* Flood Warning for entire area through late tonight *
Rainfall totals through 12 a.m.: Reagan National 4.00 inches (daily record) | Dulles: 5.00 inches (monthly record) | BWI Marshall: 4.64 inches (daily record) | Rainfall totals from NWS
12:00 a.m. – Worst of torrent lifts north of Beltway, but rain not totally over and flood risk to linger
Rain has eased considerably inside the Beltway, if not stopped, but heavy rain continues in parts of our northern and western suburbs.
Over the next couple of hours, this rain will lift north and decrease, but some additional heavy rainfall is possible in northern Prince William, western Fairfax, Loudoun, northern Montgomery and Frederick counties – which have seen some of the worst flooding in the last hour or so, including several high water rescue situations.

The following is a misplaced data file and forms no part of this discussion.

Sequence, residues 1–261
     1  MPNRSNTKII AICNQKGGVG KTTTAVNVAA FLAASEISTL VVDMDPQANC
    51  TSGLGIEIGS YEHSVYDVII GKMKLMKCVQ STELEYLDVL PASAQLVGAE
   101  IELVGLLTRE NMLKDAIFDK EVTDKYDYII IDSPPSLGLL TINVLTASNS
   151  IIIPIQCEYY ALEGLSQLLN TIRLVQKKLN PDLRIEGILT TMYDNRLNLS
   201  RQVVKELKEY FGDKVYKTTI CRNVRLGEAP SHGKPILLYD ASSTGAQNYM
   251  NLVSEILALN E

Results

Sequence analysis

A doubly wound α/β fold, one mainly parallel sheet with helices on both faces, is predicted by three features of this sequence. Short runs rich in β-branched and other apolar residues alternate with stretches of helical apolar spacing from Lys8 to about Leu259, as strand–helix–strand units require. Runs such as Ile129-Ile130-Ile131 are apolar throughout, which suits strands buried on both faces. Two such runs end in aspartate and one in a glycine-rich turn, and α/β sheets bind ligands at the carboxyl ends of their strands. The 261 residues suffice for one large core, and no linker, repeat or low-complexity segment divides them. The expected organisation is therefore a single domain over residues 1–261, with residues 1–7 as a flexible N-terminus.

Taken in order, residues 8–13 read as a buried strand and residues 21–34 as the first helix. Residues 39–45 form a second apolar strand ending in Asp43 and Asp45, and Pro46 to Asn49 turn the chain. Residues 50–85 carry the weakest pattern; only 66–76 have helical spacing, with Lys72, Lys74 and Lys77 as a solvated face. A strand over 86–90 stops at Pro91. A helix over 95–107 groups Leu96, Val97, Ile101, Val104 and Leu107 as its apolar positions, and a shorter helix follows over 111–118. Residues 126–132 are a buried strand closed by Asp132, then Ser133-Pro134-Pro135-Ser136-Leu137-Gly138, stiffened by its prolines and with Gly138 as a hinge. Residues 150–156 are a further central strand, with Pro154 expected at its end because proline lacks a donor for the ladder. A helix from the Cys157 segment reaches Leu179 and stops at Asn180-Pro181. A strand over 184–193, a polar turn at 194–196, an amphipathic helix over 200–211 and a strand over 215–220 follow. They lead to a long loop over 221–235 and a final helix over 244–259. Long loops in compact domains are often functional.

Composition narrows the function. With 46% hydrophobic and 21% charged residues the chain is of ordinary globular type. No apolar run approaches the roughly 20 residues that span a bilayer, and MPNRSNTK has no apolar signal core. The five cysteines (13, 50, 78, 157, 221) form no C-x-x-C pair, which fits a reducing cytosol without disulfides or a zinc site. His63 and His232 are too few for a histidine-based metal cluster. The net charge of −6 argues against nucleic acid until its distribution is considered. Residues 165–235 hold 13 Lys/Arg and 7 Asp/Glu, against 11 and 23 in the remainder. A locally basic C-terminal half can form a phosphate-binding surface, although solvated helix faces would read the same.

Here are numerous reports of flash flooding we’ve received via the National Weather Service since 8 p.m., which include high water rescues in five counties:
- “Motorist in truck stranded” in Clifton, Va.
- “Water rescue” in Annandale in Fairfax County on Woodburn Rd.
- “A few dozen” roads blocked by high water in Charles County
- “Water begins entering homes” in Huntington near Cameron Run in Fairfax County
- “Water rescue” on Montgomery County’s Bradley Boulevard in Potomac
- “Flood” at Rock Creek Parkway in the District. Southbound lanes closed.
- Two water rescues in Arcola, west of South Riding in Loudoun County: one along Rt. 50 by Fleetwood Rd and a second at Evergreen Mills Road and Belmont Ridge Road.